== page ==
Keppler’s Vault 80: Margaret Bourke-White

Of all Bourke-White’s photos of the Chrysler building, perhaps this picture of her on one of the iconic gargoyles is the most famous.

A couple of weeks ago, I shared an article that Popular Photography wrote in December 1937 about New York street photographer Arthur “Weegee” Fellig who at the time was an unknown photographer who had a knack for capturing some of the darkest moments of humanity on the streets of New York.

Whether she was shooting architecture in New York, prison camps in Russia, or using aerial cameras on bombers, Bourke-White’s assignments took her to some of the most interesting locales.

This week’s Keppler’s Vault comes from the December 1943 issue of Popular Photography and introduces Margaret Bourke-White, who had recently been commissioned by Samuel Goldwyn to photograph the set of his new movie, “The North Star”.

With an impressive resume at the age of 39 when this article was written, Bourke-White, known in Hollywood as “Peggy” had already traveled the world, covering Europe in the 30s, being one of the first western photographers to shoot the Soviet Union, even appearing on a radio broadcast from the country.  She had written books and created a couple film shorts that helped educate western journalists to the perils of war and the rise of the Soviet Union.

The article tells the story of how Bourke-White got started with photography while attending Cornell University, shooting her second-hand Ica Reflex to help pay her bills.  Her knack for composing images of architecture attracted the attention of a famous New York architect, who was so impressed with her work, persuaded her to make photography her career.

I’ll resist re-typing Bourke-White’s resume as it’s spelled out in detail in the article, but one thing that is immediately clear to me is that this lady had a serious case of GAS, as while shooting for Goldwyn, she brought no less than six cameras, including two Linhofs, a Rolleiflex, Speed Graphic and a British camera called the Soho Reflex.  The article goes into detail about each of her cameras along with the lenses and flash equipment she would use to shoot Hollywood stars who quickly accepted her as a member of the “Hollywood elite” treating her as an equal, rather than some lady with a camera.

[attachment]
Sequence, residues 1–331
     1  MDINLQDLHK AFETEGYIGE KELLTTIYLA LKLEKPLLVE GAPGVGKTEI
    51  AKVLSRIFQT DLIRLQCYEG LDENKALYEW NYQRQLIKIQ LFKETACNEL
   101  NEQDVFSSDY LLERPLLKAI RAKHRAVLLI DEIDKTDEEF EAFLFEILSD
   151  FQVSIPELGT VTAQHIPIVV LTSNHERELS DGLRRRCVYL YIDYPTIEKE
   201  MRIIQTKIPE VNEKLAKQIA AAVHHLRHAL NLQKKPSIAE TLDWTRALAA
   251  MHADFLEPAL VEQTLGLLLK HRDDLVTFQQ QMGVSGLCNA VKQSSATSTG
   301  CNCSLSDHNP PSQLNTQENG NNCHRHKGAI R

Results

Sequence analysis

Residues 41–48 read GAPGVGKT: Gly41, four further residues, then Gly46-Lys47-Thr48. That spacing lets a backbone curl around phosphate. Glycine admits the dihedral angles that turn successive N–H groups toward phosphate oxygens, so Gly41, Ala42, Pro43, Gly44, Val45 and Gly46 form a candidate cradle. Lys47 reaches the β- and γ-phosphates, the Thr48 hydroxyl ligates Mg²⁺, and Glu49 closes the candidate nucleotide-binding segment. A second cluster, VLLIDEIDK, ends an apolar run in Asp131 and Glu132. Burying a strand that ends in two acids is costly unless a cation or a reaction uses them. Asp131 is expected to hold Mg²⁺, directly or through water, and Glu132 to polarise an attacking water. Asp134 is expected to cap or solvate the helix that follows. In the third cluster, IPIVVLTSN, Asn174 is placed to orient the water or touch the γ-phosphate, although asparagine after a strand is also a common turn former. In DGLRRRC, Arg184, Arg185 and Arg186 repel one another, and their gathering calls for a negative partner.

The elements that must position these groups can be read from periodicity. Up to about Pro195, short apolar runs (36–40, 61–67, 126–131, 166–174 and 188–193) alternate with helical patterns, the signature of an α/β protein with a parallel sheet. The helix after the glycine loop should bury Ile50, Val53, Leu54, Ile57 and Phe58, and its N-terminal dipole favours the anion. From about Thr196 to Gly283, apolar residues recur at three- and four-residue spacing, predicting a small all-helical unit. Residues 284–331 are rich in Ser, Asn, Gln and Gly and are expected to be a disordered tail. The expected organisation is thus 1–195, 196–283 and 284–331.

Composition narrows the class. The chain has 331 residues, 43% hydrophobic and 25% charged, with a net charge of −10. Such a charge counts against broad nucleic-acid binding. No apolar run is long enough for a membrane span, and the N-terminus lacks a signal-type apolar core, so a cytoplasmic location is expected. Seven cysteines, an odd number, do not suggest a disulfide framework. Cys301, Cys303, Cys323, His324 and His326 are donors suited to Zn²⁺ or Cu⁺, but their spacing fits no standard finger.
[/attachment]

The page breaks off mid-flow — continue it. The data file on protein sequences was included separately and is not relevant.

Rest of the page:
This short 10 minute documentary serves as a great 21st century introduction to Bourke-White, explaining some of her career highlights.

Throughout her career Margaret Bourke-White became one of the most influential photographers of the 20th century, photographing a huge list of historical figures such as Franklin Roosevelt, Winston Churchill, Josef Stalin, and Dwight Eisenhower.  She famously shot construction of the Chrysler building in New York City, shot conflicts in Europe, North Africa, the Soviet Union, and was once torpedoed on a boat that sunk in the Mediterranean.  It would be a disrespect to say she was one of the most influential female photographers, as doing so automatically suggests that women didn’t deserve to be compared to their male counterparts, which was definitely not the case.

Whether you think you already know Margaret Bourke-White or just like to be impressed, this is a fascinating glimpse into “Peggy” during the peak of her career!

All scans used with permission by Marc Bergman, 2020.


  1. During the early 1930s, Margaret Bourke-White had the coolest photographer’s studio ever, she inhabited and worked from an apartment on the 61st floor of the Chrysler Building. This is the level where is famously depicted sitting inside one of the stainless steel gargoyles holding her Graflex RB Auto camera, shot by her assistant Oscar Graubner in 1931. Apart from the gargoyles the views from the two terraces are spectacular, with one facing north and the other south. Walter Chrysler had the North facing floor, and Margaret Bourke-White cajoled her way into the South facing portion.